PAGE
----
For Those With Disabilities, A New Entrepreneurial Spirit
In Florida, estimates of the jobless rate among disabled, working-age adults -- including large numbers of young, severely injured soldiers returning to civilian life -- run as high as 50 percent.
To address the problem, nonprofit organizations and government agencies recently have begun pushing an option that many with disabilities may have once thought unlikely: becoming entrepreneurs.
"We're seeing a major influx of people saying, 'What I really want is to start my own business,' " said Rogue Gallart, president of the Central Florida Disability Chamber, a nonprofit created in 2009. "We work with clients across the board to help them write their business plans and then assist them in finding the funding they need.
"Essentially, we're a business incubator."
With expert advice and grant money available for startups, the chamber already has helped write 17 business plans and has 20 more in the works. As the only organization of its kind in the state -- and one of the few in the country -- it now handles referrals from throughout Florida.
Businesses run the gamut from Internet-based companies to street-corner food carts to construction companies.
"They are wonderful," said Ayla Topgul, an expert seamstress and designer. After more than 40 years in the industry, she couldn't find work because shoulder, back and foot problems limited her mobility -- and her job options.
"I am happy now."
Topgul lost her home and car during the years she spent trying to get someone else to hire her. Turned down on her initial application for federal disability payments -- a relatively common occurrence -- Topgul didn't bother appealing.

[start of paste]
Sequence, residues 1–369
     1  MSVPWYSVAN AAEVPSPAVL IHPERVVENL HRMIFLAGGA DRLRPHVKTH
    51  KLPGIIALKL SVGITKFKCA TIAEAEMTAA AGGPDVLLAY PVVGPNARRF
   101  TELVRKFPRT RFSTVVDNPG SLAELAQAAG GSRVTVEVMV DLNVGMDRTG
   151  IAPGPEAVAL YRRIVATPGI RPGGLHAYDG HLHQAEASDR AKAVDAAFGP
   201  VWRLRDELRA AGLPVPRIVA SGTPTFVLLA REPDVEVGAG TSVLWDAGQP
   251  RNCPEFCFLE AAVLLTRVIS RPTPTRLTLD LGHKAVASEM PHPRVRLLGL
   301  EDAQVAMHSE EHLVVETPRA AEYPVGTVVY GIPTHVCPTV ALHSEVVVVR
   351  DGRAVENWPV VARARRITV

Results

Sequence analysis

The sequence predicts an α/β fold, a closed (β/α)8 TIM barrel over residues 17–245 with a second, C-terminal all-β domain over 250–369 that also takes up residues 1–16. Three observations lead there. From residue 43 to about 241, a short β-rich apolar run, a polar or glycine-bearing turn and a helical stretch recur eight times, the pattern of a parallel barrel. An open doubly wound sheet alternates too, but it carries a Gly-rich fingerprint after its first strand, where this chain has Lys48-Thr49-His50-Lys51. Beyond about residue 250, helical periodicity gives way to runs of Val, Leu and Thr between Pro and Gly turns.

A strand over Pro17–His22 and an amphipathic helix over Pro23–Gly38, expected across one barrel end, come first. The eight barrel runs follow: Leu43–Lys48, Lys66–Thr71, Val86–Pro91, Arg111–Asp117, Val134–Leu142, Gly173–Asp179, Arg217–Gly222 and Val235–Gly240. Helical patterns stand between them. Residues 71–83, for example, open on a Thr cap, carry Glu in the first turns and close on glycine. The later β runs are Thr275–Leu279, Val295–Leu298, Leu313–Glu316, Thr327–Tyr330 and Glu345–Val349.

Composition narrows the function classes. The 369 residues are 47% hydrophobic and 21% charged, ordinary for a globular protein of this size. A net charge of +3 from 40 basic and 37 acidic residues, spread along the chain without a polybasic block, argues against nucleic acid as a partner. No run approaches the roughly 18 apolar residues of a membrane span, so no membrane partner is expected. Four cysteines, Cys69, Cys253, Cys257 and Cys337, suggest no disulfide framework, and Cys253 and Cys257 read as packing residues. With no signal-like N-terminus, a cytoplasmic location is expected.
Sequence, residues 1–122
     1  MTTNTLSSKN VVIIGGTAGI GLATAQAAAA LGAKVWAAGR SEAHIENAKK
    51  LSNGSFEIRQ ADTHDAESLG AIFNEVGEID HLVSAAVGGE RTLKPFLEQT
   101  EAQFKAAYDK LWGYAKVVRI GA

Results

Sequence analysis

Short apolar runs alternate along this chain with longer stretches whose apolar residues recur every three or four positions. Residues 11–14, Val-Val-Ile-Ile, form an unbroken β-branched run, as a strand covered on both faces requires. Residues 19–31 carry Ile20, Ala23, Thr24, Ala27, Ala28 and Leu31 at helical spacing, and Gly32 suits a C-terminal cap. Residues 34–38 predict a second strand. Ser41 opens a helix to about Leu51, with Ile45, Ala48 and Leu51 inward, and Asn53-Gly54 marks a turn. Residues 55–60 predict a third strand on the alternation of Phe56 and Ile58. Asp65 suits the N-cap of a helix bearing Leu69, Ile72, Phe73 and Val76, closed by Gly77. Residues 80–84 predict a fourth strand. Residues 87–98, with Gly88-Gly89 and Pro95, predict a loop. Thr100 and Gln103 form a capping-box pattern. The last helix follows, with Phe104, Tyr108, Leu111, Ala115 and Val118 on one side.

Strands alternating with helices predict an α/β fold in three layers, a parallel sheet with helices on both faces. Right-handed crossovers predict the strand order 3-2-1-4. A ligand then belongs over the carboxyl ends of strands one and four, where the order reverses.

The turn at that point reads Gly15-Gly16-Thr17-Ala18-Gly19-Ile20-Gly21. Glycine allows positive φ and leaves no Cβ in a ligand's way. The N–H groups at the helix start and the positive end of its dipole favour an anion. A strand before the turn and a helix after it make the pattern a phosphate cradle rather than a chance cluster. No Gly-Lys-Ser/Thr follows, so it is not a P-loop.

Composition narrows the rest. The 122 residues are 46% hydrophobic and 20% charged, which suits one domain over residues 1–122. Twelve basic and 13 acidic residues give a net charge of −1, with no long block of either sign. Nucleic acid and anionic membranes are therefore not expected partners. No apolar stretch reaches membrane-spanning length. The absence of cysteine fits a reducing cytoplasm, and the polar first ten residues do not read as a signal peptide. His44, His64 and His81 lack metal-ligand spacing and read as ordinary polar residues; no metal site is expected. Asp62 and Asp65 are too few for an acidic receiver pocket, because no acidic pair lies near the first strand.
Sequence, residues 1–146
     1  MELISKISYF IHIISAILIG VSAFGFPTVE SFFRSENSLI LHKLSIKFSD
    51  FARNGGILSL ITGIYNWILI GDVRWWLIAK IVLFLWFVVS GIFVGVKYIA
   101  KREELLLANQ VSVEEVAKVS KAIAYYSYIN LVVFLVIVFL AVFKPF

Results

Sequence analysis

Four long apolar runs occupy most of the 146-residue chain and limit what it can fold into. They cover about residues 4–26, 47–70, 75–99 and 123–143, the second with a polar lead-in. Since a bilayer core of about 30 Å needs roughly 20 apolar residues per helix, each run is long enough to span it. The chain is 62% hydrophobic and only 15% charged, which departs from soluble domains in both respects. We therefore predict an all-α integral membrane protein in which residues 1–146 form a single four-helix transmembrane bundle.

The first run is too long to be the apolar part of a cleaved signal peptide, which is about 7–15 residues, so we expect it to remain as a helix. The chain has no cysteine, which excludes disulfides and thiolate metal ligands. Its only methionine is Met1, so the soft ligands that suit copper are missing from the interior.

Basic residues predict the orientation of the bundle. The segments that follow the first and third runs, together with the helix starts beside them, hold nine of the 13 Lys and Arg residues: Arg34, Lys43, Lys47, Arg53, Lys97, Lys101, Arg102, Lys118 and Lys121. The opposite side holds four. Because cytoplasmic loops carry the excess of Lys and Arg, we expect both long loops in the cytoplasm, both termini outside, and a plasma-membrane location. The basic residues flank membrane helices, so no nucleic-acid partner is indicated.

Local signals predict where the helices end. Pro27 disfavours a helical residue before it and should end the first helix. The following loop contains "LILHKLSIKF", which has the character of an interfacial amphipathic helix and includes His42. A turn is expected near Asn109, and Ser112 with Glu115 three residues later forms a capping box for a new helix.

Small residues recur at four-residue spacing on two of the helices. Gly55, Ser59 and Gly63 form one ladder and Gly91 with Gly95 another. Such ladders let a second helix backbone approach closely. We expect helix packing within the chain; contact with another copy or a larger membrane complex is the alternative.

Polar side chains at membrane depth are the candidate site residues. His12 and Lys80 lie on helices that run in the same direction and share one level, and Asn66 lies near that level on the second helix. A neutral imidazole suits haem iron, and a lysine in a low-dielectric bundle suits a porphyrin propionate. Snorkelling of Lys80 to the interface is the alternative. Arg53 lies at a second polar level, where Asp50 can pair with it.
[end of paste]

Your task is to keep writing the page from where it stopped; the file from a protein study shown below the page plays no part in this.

"What she really wanted was to work," said her daughter, Aydan Topgul. "She said to me, 'What am I supposed to do? I can't just sit around all day.' And she can't. She always has to be doing something."
The 63-year-old Topgul went first to Workforce Central Florida, which sent her to the state's Division of Vocational Rehabilitation, which ultimately referred her to the Central Florida Disability Chamber. There, the two-person staff analyzed her notion of starting her own business, wrote a business plan, secured a state grant of $85,000 for industrial sewing machines and other startup costs, and helped her find a storefront.
Opened last year, Angora Design Studio in Winter Park is still trying to make a name for itself, and it is just now at the break-even point. But Ayla Topgul is thrilled.
"I know I do good work for people," she said, pointing out meticulous alterations, handmade lace and a series of custom and intricate wedding gowns. Adds her daughter: "If you show her a picture, she can make it."
Keys to success
Family support is often critical to the success of a business venture, Gallart said. New businesses typically lack the means to hire outsiders, so having someone who will either pitch in for free -- or help with living expenses while the entrepreneur is building a customer base -- can be the difference between making and breaking a young enterprise.
Although the chamber's track record is too short to be definitive, so far about 95 percent of the businesses launched are still open.
Peter Schoemann, a Central Florida attorney who created a National Chamber of Commerce for Persons With Disabilities before realizing the issue needed a more localized approach, said Gallart's organization is "a fantastic place." In fact, his group is now getting requests from New York; Washington, D.C.; and Texas to replicate the Central Florida model.